More than a quarter of a million cases of skin cancer can be attributed to tanning-bed use, according to a new study from researchers at the University of North Carolina at Chapel Hill. That figure is for 2015, when the total skin cancer cases numbered about 2.4 million.
And another new study shows that some skin cancer survivors actually use tanning beds.
Researchers at the University of Minnesota surveyed more than 700 survivors of melanoma (the deadliest form of skin cancer) and found that about 2 percent had used a tanning bed. What’s more, 38 percent of melanoma survivors did not often or always wear sunscreen, and 20 percent reported getting sunburned in the past year.
Though these numbers aren’t high, consider that having been diagnosed with melanoma gives you a ninefold increased risk of developing a second cancer, says Consumer Reports.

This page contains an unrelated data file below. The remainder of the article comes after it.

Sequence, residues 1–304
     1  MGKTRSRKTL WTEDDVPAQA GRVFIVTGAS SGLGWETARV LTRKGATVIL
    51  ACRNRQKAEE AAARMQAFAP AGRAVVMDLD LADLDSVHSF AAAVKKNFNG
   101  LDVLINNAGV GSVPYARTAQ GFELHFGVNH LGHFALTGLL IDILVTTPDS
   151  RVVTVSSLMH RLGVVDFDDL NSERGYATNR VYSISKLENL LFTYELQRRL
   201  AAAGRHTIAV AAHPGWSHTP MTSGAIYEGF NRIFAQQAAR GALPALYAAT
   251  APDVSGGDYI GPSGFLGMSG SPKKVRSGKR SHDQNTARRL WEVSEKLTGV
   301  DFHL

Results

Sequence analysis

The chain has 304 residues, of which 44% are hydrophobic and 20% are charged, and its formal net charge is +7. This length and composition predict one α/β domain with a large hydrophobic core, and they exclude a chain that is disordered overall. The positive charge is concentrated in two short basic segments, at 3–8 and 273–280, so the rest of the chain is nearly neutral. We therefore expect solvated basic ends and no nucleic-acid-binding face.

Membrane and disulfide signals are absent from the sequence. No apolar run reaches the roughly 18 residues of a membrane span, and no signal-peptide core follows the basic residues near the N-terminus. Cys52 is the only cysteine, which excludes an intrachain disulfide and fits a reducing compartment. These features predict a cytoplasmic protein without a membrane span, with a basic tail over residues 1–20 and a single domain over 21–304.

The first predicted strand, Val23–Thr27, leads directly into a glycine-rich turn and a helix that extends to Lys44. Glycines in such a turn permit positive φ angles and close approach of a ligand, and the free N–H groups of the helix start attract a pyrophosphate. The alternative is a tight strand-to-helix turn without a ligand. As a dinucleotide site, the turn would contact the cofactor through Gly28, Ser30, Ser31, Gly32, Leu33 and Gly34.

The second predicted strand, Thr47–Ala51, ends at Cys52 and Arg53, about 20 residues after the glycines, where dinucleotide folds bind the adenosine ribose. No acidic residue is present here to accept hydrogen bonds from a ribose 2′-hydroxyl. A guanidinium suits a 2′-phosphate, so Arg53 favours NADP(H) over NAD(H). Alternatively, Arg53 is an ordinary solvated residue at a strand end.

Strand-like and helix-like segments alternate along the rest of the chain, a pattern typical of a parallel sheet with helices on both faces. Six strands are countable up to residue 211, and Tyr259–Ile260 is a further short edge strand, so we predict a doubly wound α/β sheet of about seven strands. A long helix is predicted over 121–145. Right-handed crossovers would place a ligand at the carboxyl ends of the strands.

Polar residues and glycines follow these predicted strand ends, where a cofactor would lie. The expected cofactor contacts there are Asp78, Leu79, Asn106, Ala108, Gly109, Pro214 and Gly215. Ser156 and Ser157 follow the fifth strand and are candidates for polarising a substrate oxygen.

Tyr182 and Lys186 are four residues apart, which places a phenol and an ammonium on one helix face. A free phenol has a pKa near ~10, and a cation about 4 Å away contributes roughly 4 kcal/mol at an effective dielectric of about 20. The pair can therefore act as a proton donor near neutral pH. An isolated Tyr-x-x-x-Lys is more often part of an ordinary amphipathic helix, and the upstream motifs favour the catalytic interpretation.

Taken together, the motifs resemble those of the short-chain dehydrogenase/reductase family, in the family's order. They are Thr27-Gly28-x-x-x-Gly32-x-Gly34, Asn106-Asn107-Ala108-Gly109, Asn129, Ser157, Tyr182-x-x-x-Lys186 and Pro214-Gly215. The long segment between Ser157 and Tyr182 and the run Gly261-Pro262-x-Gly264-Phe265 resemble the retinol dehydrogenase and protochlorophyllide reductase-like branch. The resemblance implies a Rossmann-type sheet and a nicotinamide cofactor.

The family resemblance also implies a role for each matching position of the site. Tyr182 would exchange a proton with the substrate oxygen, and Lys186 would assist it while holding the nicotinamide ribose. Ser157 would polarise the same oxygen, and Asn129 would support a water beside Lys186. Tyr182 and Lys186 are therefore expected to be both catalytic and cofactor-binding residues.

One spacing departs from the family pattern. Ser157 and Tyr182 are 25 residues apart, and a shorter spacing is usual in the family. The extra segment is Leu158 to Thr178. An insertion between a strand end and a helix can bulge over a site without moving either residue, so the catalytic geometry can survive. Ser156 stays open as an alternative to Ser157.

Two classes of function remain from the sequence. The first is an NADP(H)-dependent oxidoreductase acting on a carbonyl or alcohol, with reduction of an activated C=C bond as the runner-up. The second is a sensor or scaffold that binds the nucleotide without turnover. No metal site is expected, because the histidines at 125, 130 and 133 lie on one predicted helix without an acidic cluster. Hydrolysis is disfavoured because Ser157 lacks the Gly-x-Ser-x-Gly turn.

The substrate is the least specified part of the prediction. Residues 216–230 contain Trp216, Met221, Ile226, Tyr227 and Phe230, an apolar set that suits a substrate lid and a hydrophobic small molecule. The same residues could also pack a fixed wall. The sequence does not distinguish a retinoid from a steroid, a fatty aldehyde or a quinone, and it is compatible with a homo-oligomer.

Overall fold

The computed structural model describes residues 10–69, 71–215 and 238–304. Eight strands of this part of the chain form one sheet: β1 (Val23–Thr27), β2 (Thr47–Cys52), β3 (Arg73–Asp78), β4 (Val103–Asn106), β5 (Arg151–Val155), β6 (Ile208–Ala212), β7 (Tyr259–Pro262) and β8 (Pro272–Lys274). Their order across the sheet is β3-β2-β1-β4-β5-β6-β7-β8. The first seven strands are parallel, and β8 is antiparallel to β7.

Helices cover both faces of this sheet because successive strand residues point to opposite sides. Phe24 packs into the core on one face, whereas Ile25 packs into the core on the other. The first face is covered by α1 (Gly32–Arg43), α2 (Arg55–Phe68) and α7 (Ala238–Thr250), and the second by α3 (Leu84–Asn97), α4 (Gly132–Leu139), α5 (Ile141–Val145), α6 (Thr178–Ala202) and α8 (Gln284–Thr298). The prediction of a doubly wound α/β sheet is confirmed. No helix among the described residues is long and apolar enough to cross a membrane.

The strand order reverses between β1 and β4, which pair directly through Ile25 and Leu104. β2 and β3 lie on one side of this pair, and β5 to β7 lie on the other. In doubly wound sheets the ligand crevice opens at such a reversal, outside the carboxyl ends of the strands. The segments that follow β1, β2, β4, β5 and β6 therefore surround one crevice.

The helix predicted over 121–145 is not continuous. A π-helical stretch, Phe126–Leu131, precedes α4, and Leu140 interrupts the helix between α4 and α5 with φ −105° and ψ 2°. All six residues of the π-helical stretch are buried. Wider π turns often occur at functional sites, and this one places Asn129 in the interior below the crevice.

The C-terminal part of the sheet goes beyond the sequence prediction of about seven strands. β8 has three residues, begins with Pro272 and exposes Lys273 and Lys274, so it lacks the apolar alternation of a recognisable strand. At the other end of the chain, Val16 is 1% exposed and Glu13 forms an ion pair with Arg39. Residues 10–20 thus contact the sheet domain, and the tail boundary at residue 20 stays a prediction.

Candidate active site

What’s So Bad About Tanning Beds?
Ultraviolet radiation has been classified by the World Health Organization as a carcinogen – and getting your UV rays from a tanning bed may be even more toxic than getting them from the sun.
“Most tanning beds deliver fewer burning UVB rays, but they provide a much more concentrated dose of UVA radiation than the sun,” says Joel Cohen, M.D., a Denver-based dermatologist who serves on the teaching faculty for the University of Colorado and the University of California at Irvine. UVA rays don’t cause burning; the damage they do is less immediately obvious. According to Consumer Reports, these rays penetrate deeply into the skin and accelerate age-related skin…
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